Ted Franks

Why we do need experts


These are tough times for global policy making around sustainability. The rise of nationalism is challenging cooperation. Social media is changing how politics works. Inequality and poverty are causing real anger and soaking up political capital.

Even five years ago it was considered sensible to base policy on evidence. Now we’re told, “we don’t need experts”.

Read more …

Seb Beloe

Prosperity with Purpose: positioning portfolios in a carbon-challenged world


In January, a relatively unknown Swedish 16-year-old school girl, known for striking on Friday in the name of climate change, addressed economic leaders in Davos with what has become known as the “our house is on fire” speech. A few days earlier, Jeremy Grantham pledged $1 billion towards fighting climate change.

As the year unfolded, the world saw an estimated 1.4 million children striking globally in March, and in April Mark Carney, Governor of the Bank of England, wrote an open letter on climate related-financial risks. Most recently, The Guardian has replaced ‘climate change’ with ‘climate emergency, crisis or breakdown’ and ‘global heating’ in place of ‘global warming’.

The world is listening, but on an individual level understanding what one can do is often overwhelming, particularly in the sphere of investing. Money can be invested so that it makes a difference, but navigating the jargon is confusing. Read more …

Ty Lee

Why we invest in – Varian; using innovation to fight cancer


  • Varian is a global leader in the field of radiation therapy with around 50% market share.
  • The radiation therapy market is a growing market, driven by an increasing cancer rate globally and increasing adoption of radiation therapy in emerging markets.
  • Varian is a very innovative company, driving business growth through successful product launches and gaining market share.
  • It is well positioned to expand into adjacent fast-growing markets to sustain its future growth through its R&D effort and acquisitions.

1 in 2 people will be diagnosed with cancer in their lifetime and nearly half of cancer patients have radiation therapy at some point during their cancer treatment. Read more …

Ted Franks

Fire and protest


In the UK, April is a month usually associated with rain showers. This April, not-so-much. Rainfall was 71% of the 1981-2010 long term average[1]. The monthly average temperature was 1.0° Celsius above the long term mean of 8.4°. These deviations are not particularly startling by the standards we are becoming used to in the era of climate change. But they were enough to produce some more reminders of the future we face.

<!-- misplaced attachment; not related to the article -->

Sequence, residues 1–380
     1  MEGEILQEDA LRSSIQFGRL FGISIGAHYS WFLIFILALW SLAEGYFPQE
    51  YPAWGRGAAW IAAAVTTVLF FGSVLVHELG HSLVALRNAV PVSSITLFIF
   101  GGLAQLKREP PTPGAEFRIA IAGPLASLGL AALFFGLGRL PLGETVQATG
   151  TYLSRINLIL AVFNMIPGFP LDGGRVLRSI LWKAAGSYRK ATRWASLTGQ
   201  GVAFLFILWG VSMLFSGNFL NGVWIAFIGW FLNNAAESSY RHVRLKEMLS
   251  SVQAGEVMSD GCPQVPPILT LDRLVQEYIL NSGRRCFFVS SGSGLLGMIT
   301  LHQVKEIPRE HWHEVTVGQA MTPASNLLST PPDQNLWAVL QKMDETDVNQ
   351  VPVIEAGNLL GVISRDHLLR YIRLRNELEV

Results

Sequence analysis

Read more …

Ted Franks

Defending ESG: Hotdogs vs Ice Cream


ESG is a widely used term. But what does it mean in practice and how does it relate to impact investing? Fund Manager Ted Franks observes Kraft Heinz’s attempted takeover of Unilever and compares their ESG performance.

Read more …

Ted Franks

A Fair Price for Drugs


In January we published quarterly and monthly reports. Both of them included thoughts on the changing healthcare market. We return to the topic again only three months later. But this is no surprise. It’s a colossal industry which is grappling with major demographic shifts. And it has profound implications for our health and happiness. Read more …

Ted Franks

Buying the best of General Electric


We are often asked about our approach to conglomerate companies. What do we do if an interesting sustainability business is trapped inside a larger group? Our rule of thumb is simple. We want to invest where the sustainability story is the equity story. Which is to say, what moves the stock is news about the company’s sustainability products. Read more …

Ted Franks

Another nail in the coffin for UK nuclear energy


January brought some important news in the transition to low carbon energy.  Japanese industrial conglomerate Hitachi is to stop developing a nuclear reactor at Wylfa in Wales.

This didn’t make many headlines.  It had been expected for a while, and it happened in the UK where Brexit is a national pre-occupation.   But it is worth reflecting on.  It has broad international ramifications.

Read more …

Seb Beloe

Why we invest in – CVS Health; a closer look at cutting costs in healthcare


CVS Health (NYSE: CVS)

  • CVS Health is an American retail pharmacy, healthcare company and insurer.
  • They are able to leverage their size to negotiate discounts on drug prices, which benefits their customers.
  • Their business directly benefits from reducing US healthcare costs whilst delivering better outcomes.
  • They currently have an historically cheap valuation of 9x PE and 8x EV/Ebitda compared with their five year average of 15x and 9x.
  • They have an experienced management team that understands the strategic change in the industry.

The American healthcare system is one of the world’s largest markets, Read more …

Ted Franks

Cutting costs in healthcare


In the developed world, the critical issue is keeping old bodies healthy cheaply.  Life expectancy is already long.  Instead, as those bodies age, they pick up chronic ailments that make lives a misery but aren’t fatal.  Read more …

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